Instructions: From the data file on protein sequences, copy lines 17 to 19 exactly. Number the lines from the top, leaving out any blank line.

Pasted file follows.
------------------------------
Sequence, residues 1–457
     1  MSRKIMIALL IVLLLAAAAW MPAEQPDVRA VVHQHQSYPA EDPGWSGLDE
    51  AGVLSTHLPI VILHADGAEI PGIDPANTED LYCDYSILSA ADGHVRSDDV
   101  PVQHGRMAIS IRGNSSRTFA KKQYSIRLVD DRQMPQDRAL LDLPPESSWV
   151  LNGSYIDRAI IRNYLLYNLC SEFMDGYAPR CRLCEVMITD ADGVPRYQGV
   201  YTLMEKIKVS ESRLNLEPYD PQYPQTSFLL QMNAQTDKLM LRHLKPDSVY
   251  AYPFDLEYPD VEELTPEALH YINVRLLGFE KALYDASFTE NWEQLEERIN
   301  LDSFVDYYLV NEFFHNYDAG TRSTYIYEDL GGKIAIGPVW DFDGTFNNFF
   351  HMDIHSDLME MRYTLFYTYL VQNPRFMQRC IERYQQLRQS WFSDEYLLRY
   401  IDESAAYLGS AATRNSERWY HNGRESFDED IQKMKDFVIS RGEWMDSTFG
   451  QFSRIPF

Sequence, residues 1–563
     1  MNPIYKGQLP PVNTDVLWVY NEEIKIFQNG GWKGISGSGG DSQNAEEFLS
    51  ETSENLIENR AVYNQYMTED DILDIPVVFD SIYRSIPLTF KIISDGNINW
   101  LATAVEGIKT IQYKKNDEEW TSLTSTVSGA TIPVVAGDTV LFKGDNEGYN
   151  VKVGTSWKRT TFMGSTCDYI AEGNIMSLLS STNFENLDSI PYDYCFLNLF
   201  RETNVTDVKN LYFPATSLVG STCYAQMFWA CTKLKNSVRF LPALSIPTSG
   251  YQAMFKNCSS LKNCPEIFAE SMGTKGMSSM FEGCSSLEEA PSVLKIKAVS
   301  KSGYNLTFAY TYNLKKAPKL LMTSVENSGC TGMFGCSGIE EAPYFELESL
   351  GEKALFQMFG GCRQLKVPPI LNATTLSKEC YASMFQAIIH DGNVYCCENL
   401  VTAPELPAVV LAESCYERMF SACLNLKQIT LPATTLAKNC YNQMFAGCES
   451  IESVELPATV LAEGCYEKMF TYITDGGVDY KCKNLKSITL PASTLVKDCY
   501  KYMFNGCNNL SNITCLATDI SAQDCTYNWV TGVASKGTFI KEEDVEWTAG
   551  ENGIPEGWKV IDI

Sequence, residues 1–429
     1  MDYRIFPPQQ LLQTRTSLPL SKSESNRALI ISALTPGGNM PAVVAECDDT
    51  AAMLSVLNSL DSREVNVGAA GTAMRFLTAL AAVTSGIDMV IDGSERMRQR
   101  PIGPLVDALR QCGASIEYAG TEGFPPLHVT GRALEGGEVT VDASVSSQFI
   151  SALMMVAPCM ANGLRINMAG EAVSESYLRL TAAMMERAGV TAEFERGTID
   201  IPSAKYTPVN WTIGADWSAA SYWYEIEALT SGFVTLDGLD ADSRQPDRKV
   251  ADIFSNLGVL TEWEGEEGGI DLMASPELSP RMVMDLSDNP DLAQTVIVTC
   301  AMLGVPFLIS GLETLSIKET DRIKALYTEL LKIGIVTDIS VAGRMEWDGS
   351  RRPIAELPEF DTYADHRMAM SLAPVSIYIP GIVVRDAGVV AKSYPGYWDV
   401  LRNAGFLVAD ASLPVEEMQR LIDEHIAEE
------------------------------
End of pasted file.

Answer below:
   201  RETNVTDVKN LYFPATSLVG STCYAQMFWA CTKLKNSVRF LPALSIPTSG
   251  YQAMFKNCSS LKNCPEIFAE SMGTKGMSSM FEGCSSLEEA PSVLKIKAVS
   301  KSGYNLTFAY TYNLKKAPKL LMTSVENSGC TGMFGCSGIE EAPYFELESL